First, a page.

Monday, October 1, 2012

Rattlesnake Gulch Trail

I thought Eldorado Canyon was spectacular when I first visited back in early September.  But I thought it would be even more enjoyable when the temperature was a little cooler. A return trip today to hike the Rattlesnake Gulch Trail with Jay Keller gave me the chance to test that theory.

A spur off the main trail went right up to some railroad tracks, and after deciding to wander up we had the good fortune to get there right when a train was rumbling through the tunnel.  I'm a big fan of serendipity, but it definitely involves being willing to get outside of your routine and make an unexpected choice once in a while.

I expected the tunnel to be longer for some reason.  But being short enough to easily make out the opposite end helped make for an interesting image.

It's a good thing we didn't go a couple of steps farther, because that would have been trespassing.

My prediction that cooler weather would equate to a better experience definitely turned out to be accurate.  The conditions were gorgeous, with the fall colors making the area even more beautiful than a month ago.

Jay knew of yet another side path that led to an overlook where you could see out to the Continental Divide.  The sun was too high in the sky to get any really striking photos of the vista, but the outcropping we were on was interesting in its own right.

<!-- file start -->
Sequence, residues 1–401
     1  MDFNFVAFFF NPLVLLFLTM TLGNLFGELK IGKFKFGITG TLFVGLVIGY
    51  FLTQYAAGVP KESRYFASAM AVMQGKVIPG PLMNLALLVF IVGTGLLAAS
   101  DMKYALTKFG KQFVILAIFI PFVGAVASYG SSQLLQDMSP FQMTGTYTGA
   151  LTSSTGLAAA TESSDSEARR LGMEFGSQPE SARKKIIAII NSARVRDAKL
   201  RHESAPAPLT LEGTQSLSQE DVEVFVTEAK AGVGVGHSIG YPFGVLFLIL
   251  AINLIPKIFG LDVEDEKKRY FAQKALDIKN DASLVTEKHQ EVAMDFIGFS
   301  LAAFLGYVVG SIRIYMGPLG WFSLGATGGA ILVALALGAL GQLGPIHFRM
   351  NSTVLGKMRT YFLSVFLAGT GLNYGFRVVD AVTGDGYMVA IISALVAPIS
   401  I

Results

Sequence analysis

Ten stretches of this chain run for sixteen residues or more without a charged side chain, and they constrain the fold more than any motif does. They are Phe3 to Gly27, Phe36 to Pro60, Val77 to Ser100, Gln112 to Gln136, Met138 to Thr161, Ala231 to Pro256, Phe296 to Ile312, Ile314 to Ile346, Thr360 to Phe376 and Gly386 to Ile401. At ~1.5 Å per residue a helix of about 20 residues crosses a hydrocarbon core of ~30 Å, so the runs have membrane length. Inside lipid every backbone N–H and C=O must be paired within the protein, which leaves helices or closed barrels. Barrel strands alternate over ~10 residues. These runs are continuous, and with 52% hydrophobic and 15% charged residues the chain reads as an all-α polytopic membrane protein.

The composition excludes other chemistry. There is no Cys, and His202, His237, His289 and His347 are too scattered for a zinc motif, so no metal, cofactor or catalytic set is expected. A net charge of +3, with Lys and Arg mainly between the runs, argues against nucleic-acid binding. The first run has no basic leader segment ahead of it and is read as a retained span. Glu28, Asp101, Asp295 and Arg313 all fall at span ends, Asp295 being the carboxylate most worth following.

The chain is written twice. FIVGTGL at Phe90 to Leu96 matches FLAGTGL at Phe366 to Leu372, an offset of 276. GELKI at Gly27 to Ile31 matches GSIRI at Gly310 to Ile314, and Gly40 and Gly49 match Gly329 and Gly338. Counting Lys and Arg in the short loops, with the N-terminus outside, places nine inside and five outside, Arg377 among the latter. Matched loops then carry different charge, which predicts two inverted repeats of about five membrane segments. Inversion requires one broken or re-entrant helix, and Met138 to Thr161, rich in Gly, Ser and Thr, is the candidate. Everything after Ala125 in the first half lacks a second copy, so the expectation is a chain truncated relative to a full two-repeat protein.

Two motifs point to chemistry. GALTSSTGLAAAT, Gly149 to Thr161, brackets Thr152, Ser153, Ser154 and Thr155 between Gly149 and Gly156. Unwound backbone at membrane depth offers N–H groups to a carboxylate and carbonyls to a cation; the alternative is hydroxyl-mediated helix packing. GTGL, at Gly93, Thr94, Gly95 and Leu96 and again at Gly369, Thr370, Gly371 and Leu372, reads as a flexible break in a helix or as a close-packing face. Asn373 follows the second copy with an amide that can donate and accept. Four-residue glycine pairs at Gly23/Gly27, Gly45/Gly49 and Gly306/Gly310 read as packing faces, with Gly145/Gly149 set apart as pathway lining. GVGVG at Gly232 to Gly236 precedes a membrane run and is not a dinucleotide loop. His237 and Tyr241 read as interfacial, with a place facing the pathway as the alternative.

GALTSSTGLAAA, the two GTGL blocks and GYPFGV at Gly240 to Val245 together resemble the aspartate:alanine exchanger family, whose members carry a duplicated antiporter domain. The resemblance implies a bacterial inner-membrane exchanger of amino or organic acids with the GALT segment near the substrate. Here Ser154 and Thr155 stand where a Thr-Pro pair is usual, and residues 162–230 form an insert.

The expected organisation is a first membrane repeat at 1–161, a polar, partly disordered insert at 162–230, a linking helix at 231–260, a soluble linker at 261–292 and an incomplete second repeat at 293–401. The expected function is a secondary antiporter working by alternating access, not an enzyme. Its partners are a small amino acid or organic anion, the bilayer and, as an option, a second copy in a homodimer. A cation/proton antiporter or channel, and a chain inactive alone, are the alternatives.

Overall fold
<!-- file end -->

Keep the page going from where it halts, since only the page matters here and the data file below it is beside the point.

I thought the 3.6 miles and 1,200 feet of elevation gain would be a solid workout.  Jay thought it would be a good test for the ribs he broke a few weeks ago.  If I broke multiple ribs a few weeks ago, I'd probably just now be testing things like getting out of bed.

The trail goes past some ruins from the Crags Hotel, which burned down in 1912.  A twisted metal pot still hangs in what's left of the kitchen's main cooking area.  I have a really hard time believing that pot has been hanging there for a hundred years, but I don't have any other good explanations for it.

Green and gold aren't the only colors we get in the fall.  You can find some nice vibrant reds, too.

Being men with flexible schedules, we tacked another mile or so onto our trek and headed down the Fowler Trail.  We scanned the sheer rock faces on the far side of South Boulder Creek for raptors, but never saw any.

It took us three leisurely hours to cover roughly five miles.  Like Lair o' the Bear, Fowler Trail is another fairly flat option for out-of-town guests who think they want to go for a hike when they come to visit but don't really understand what that typically entails out here.

A return trip with the family is definitely in order, probably in the spring when the creek is running high and I can set up a tripod to get some nice waterfall shots!

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